Plosser Says Fed Exit Should Start Before Job Revival Firm

Federal Reserve Bank of Philadelphia CEO Charles Plosser
Federal Reserve Bank of Philadelphia president and chief executive officer Charles Plosser. Photographer: Michael Nagle/Bloomberg

Federal Reserve Bank of Philadelphia President Charles Plosser said an exit from stimulus measures should start “long before” a recovery in the U.S. jobs market is assured.

“Somewhat tighter monetary policy is possible by the end of the year,” he said today at a press conference, after speaking at an event organized by the Bank of Finland in Helsinki. “We will have to begin exiting from our policies long before the unemployment rate is down to what people would like to have. That’s going to be a difficult decision.”

Chairman Ben S. Bernanke and the Federal Open Market Committee, which includes Plosser, are considering the tools they would use to pull back stimulus, according to the minutes of their April meeting. One possible sequence is to end the policy of reinvesting proceeds from maturing securities and later raise interest rates and sell assets, though such moves “would not necessarily begin soon,” according to the minutes.

“The challenge of when to begin to reverse course, the challenge to pick the timing and the pace of that correctly, is the challenge that we’re going to face,” Plosser said. “We will have to figure out a way to do it at the right time, because if we wait too late, we fall into traps.”

Plosser, 62, voted to complete the central bank’s $600 billion of bond purchases and backed its decision to keep interest rates “exceptionally low” for an “extended period.” In 2008, he dissented twice in favor of less monetary stimulus.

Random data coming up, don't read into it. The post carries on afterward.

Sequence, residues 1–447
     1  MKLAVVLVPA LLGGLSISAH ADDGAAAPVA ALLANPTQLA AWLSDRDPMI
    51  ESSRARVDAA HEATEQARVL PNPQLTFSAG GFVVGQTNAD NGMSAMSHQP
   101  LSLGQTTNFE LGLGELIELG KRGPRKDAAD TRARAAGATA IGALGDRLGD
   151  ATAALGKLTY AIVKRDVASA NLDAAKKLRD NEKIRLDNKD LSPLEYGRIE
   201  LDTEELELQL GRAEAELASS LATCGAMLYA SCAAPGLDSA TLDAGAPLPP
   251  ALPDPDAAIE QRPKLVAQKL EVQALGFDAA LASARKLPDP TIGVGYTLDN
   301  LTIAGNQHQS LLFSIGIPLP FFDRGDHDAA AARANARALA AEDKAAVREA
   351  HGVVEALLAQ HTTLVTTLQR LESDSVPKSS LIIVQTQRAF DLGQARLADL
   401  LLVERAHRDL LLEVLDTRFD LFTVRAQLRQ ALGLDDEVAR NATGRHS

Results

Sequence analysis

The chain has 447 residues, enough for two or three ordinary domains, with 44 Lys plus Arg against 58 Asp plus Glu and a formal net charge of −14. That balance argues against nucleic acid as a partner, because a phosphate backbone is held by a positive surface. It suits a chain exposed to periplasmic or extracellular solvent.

Dollar Gains

The dollar gained 0.2 percent against the euro to trade at 1.4603 at 12:55 p.m. in London.

The “hurdle” for further quantitative easing is “very high,” Plosser said. He also warned that the government is on an “unsustainable” fiscal path.

Plosser said labor market numbers last week were “disappointing, certainly,” while adding they won’t change the Fed’s medium-term outlook.

Payrolls grew at the slowest pace in eight months and the U.S. jobless rate unexpectedly climbed to 9.1 percent in May, reinforcing signs that a slowdown in the world’s largest economy is persisting into the second quarter, Labor Department figures showed on June 3.

Employers added 54,000 jobs last month, after a revised 232,000 gain in April missed initial estimates. The median forecast in a Bloomberg News survey called for payrolls to rise 165,000. The jobless rate climbed to the highest level this year from 9 percent a month earlier.

Inflation Target

At the same time, consumer prices rose an annual 3.2 percent in April, the fastest pace since October 2008, the Labor Department said on May 13. Core inflation, which strips out the impact of food and energy, gained to 1.3 percent, the fastest pace since February last year.

Inflation expectations need to be “better anchored,” Plosser said.

In prepared comments delivered earlier today, Plosser repeated his call for the Fed to commit to an explicit target for the rate of inflation. He also called for the central bank to reduce its balance sheet from $2.79 trillion to “less than $1 trillion.”

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